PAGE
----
Young Rees shows what’s to come

Whakatane's Mitch Rees (Honda CBR1000SP1) is keen to keep the momentum flowing into the 2018 season. Photo: Andy McGechan, BikesportNZ.com

 Honda's Tony Rees may be down, but he won't be out for long and, besides that, there's plenty more Rees genetics keen to step forward.

The 2017 national superbike champion crashed out at the midway stage of the annual pre-nationals Suzuki Series competition, the broken finger that resulted from that spill also sidelining him from the upcoming four-round national superbike championships.

While that may prevent the 50-year-old Whakatane bike shop owner from defending his national superbike crown, he still fancies his chances of keeping the Rees name etched on New Zealand's premier road-racing trophy.

His eldest of two road-racing sons, Mitchell Rees, has been something of a revelation this summer.

In just his second season of road-racing and with barely 20 races in total under his wheels, the virtual novice has clinched third overall in the Formula One class in the 2017 Suzuki Series, which wrapped up with the third and final round at Whanganui on Boxing Day Tuesday.

The 24-year-old Rees twice finished sixth on the famous Cemetery Circuit streets circuit at this traditional post-Christmas race meeting, earning himself a podium position for the series, a competition that his father had won the previous season.

While his dad, Tony, and his younger brother, Damon, were both sidelined with injury, Mitch Rees ensured there was still plenty for the Rees camp to smile about.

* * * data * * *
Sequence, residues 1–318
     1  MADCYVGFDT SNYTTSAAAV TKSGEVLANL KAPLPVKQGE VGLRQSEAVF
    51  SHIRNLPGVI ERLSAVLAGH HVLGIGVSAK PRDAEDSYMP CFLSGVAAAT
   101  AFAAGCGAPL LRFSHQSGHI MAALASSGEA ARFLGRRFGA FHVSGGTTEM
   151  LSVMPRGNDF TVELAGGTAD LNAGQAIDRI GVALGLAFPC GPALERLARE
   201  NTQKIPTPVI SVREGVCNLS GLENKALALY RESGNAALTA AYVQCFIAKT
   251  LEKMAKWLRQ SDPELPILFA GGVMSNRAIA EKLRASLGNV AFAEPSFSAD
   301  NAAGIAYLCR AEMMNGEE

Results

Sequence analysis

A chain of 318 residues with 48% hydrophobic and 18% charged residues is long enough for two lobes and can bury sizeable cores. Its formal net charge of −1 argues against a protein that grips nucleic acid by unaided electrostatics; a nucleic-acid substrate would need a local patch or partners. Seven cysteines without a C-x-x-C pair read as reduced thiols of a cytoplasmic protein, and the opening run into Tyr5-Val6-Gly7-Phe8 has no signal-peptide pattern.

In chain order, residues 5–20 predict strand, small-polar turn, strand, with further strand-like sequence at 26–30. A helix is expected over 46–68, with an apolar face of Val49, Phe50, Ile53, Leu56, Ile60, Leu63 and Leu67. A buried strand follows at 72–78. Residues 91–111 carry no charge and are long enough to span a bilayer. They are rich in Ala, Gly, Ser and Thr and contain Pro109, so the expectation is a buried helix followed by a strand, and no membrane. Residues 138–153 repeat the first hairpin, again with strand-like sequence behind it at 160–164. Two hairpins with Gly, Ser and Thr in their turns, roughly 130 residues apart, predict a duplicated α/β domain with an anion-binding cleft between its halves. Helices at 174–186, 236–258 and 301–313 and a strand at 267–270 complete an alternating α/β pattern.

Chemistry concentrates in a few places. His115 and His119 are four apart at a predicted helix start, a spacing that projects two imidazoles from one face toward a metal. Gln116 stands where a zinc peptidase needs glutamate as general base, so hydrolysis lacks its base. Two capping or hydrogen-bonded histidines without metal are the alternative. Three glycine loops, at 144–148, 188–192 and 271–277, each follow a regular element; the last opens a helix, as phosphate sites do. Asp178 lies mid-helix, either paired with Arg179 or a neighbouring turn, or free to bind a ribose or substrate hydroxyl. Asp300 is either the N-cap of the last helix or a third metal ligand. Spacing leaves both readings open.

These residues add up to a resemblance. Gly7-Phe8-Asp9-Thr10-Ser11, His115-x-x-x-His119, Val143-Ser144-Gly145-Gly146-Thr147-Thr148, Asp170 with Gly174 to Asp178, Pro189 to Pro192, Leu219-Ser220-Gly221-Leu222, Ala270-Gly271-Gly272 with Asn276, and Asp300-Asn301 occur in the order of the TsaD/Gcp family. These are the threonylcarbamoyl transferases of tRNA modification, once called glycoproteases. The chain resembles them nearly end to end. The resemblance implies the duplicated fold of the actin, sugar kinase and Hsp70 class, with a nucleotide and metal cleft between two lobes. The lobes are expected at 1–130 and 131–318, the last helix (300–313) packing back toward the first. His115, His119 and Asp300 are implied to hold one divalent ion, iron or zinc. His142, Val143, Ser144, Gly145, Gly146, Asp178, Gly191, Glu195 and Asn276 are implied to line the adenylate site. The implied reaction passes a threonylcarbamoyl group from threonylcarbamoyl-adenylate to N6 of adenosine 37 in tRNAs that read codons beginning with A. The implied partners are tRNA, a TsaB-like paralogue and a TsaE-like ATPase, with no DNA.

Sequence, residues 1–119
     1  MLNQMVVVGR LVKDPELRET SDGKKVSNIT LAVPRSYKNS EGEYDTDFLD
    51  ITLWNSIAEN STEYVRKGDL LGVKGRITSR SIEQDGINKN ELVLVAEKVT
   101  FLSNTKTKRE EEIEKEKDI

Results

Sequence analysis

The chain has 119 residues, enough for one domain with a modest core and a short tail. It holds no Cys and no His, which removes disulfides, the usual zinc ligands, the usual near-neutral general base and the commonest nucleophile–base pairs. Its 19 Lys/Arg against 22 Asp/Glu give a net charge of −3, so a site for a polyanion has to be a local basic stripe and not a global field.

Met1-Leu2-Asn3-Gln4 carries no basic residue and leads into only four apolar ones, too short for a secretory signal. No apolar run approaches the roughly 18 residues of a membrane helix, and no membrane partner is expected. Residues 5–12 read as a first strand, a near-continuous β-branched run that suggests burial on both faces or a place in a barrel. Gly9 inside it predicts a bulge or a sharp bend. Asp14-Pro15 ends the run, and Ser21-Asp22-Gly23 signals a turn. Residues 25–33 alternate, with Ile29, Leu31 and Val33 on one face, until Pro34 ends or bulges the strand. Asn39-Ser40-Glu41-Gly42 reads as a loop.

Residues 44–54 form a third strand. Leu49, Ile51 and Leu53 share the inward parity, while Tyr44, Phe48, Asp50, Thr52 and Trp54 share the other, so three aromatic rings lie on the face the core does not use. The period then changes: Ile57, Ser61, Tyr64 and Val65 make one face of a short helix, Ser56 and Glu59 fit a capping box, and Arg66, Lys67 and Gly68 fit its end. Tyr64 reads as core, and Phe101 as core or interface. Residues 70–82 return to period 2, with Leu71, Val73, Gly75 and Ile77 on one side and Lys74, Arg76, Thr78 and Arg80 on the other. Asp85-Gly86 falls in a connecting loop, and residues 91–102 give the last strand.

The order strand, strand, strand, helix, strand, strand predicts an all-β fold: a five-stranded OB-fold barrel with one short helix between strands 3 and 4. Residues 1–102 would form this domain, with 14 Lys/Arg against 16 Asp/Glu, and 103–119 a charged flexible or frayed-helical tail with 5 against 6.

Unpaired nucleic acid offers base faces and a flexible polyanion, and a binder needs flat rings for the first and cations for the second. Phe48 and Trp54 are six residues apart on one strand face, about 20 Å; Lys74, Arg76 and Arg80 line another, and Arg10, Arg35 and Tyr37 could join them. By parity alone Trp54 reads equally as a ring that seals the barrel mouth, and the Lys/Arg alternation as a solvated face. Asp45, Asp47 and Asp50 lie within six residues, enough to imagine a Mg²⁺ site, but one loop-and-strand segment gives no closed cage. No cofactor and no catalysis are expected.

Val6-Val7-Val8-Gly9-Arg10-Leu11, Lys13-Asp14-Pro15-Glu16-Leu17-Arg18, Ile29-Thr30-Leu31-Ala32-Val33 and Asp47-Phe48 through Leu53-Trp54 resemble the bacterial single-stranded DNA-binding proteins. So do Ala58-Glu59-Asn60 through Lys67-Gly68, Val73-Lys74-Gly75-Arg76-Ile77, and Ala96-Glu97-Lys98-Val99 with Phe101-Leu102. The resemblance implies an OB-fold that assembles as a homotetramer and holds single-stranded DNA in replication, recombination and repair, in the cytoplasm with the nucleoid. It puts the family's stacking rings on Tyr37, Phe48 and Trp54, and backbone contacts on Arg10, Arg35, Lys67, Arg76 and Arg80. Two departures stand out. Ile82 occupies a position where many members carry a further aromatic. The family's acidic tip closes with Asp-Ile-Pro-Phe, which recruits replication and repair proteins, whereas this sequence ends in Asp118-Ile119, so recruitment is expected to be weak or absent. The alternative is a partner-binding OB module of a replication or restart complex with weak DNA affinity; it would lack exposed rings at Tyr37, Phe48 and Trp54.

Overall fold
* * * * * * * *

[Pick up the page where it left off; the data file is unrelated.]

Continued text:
"It's disappointing for me, naturally, that I could not defend my Suzuki Series crown and that I'll also be unable to defend my national superbike championship, but that's what happens in racing sometimes,” said Tony Rees.

"It was the year 2000 that I last broke a bone in racing. I got cleaned out in the first corner in one of the races (at the Suzuki Series opener) in Taupo and then I crashed, my own fault really, and had my hand run over by another rider (at round two) at Manfeild. With two DNFs in a six-race series, I didn't stand a chance of winning it again.

"But I have a replacement now don't I? I'm very proud of what Mitch had achieved and he's come on very strong in a very short time.

"Last season was his first ever doing road-racing, so it's been a pretty steep learning curve, but he's come close to winning races a few times now. I'm pretty proud of him really.

"Mitch and Damon both learned a lot from racing in Australia this year and they've both really gelled with the new-model Honda."

Rees said he expects to be back in action in six to eight weeks, but, in the meantime, he has "lots still to organise" for Mitch and Damon to tackle the 2018 Australian Superbike Championships, kicking off at Phillips Island in February.

"I'm not sure at what extent Damon will be in terms of fitness by then, but he's raring to go.

"We shared a pretty remarkable season at the end of 2016 and start of 2017, father and sons competing together, with me winning the Suzuki Series and then the national superbike crown and Damon winning the 600cc Supersport title at the nationals.

"The boys are very focussed and we have had great support from Honda New Zealand. There's been a lot of commitment shown by all parties."

The four-round 2018 New Zealand Superbike Championships kick off at Mike Pero Motorsport Park, Christchurch, on January 7, with rounds to follow at Timaru, Hampton Downs and Taupo.



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